Kyunghyang Newspaper recently conducted an English education survey of 95 sixth graders from elementary schools in Seoul, over an 11 day period in July. To compare and analyze, they picked one school each from Gangnam-gu, Gangbuk-gu, Mapo-gu, and other innovation schools. The survey was essentially to gauge student opinion of learning English by completing the sentence “To me, English is ____”. Here are some of the results:
- 36% gave negative comments, like “hell”, “lifetime prison, “something I can’t stand”.
- 35% gave positive comments, such as “the future”, “an essential language”, “a stepping stone”, “something I need”.
Among the 95 students, only 8 (8.4%) of them have never had private English education. 57 students, more than half of the whole survey, answered they have had private English education before they were in the 3rd grade, which is when they start regular English classes in public school. Additional survey results indicated when students started learning English. 26 answered ‘before beginning public school’, 15 answered ‘from the 1st grade’, 16 answered ‘from 2nd grade’, and 29 answered ‘from the 3rd grade or higher’. 70% of a class from Gangnam and 60% of a class from an innovation school answered that they started private English education before they started their 2nd year of elementary school, which indicates that they started private English education earlier than the average age of all students in Seoul.
The most common form of private English education that students have had was through attending hagwons. 23 students have had experience with private tutors, 19 with home-study materials, 13 with English kindergartens, 11 with English camp/language study abroad, and 10 with internet-based classes. 61.5% from the Gangnam class indicated that they had previously attended English kindergartens and 34.4% attended hagwons. There were also some students who have had experience with trying all 6 kinds of private education.
Almost half (43 students) of them answered, “I do not want to study English.” The most common reason they picked (14 students) was ‘Because I used to be interested in English, but now I lost my interest since I am forced to study too much.’ 13 of them answered ‘Because it is not fun.’, 5 answered ‘Because I don’t need it in my life.’, and 4 answered ‘Because I don’t know why I have to learn it.’ Some other answers were ‘Because there are so many things to memorize.’, ‘Because it is difficult.’, and ‘Because it is annoying to study.’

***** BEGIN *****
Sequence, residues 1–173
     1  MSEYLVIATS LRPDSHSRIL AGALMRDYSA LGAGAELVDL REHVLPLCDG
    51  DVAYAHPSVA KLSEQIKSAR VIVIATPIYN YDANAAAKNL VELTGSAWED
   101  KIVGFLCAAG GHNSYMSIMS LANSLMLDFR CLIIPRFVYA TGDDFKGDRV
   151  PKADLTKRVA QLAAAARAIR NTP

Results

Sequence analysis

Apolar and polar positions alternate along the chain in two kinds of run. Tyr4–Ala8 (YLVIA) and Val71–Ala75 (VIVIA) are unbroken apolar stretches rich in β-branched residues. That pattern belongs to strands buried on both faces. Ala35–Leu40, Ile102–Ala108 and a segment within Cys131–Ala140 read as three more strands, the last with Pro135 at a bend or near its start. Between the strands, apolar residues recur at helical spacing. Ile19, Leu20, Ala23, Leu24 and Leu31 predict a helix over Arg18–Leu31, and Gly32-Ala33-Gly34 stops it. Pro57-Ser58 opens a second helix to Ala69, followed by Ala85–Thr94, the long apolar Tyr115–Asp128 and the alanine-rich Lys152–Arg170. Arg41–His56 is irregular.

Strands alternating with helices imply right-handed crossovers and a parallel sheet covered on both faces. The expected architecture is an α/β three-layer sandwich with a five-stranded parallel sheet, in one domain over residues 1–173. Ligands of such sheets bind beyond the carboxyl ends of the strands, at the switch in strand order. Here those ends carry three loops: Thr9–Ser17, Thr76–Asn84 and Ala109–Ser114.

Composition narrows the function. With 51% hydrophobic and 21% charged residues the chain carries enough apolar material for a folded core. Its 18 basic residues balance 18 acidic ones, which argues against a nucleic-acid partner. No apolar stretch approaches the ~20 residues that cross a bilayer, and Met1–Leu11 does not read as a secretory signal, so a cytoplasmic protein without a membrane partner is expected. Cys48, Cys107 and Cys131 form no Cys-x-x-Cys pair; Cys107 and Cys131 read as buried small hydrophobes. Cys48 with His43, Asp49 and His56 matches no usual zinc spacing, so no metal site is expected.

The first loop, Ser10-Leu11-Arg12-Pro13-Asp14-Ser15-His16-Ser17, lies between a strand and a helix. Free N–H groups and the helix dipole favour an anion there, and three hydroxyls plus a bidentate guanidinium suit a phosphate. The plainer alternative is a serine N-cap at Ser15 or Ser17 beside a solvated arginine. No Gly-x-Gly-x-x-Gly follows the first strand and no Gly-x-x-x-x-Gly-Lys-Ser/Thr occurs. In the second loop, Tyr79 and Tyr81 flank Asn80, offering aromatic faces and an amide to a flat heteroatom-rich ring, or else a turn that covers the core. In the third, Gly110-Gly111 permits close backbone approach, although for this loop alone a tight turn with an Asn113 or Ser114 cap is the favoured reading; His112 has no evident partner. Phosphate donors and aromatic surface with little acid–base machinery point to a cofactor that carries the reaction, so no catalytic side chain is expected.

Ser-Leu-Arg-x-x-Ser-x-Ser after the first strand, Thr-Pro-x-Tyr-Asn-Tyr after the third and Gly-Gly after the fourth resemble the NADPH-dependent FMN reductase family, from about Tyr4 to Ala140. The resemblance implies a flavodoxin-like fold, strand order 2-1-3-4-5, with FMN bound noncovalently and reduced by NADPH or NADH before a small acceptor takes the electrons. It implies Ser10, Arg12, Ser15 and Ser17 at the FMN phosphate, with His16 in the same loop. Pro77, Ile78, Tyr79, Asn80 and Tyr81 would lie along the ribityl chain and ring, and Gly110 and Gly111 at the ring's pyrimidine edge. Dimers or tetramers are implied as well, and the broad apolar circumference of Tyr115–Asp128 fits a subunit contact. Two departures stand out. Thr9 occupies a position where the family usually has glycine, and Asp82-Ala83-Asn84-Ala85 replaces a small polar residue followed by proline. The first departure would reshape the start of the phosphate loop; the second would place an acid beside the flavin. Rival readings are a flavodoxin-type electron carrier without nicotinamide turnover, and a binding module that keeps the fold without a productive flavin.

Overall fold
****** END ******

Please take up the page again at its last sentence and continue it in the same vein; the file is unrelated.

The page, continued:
In response to the question, ‘Why do you study English?’, 27 students answered ‘Because my parents tell me to do it.’, 19 answered ‘Because it is fun.’, 17 answered ‘Because I think it will help me when I go to middle school.’, and 10 answered ‘Because I have English class in school.’ As for study durations, 28 students answered that they study English for 1-2 hours a day. 21 answered ’30 minutes-1 hour’, 19 answered ‘2-3 hours’, 16 answered ‘less than 30 minutes’, and 5 answered ‘3-4 hours’. 2 students who answered ‘more than 5 hours’ were from Gangnam.
In response to the question,?‘When do you feel stressed or lonely because of English?’, 12 students answered ‘When I am compared to other friends with good English grades.’ 11 answered ‘When I do not understand what I study in class.’, 10 answered ‘When my parents blame me for not being good at English’, 6 answered ‘When my friends say English words that I do not know and ignore me.’
When they were asked to write down what has hurt their feelings from school and home because of English, they all started talking about it eagerly. “My parents say ‘You really cannot get high grades in English? You have to go to English school.’”, “My English school classmates looked at me and sighed, ‘How can you be that bad?’”, “When I was told to memorize English words repeatedly.”, “When my parents say ‘Because you are not good at English, you need to have a private tutor. Or study it properly.’ Yet I am actually studying English really hard.”, “When my English school discriminates against students with bad English grades.”
Needless to say, the current English education system in Korea is due for perpetual overhaul to properly gear education towards the interests of its learners, rather than in the interests of parents and educators.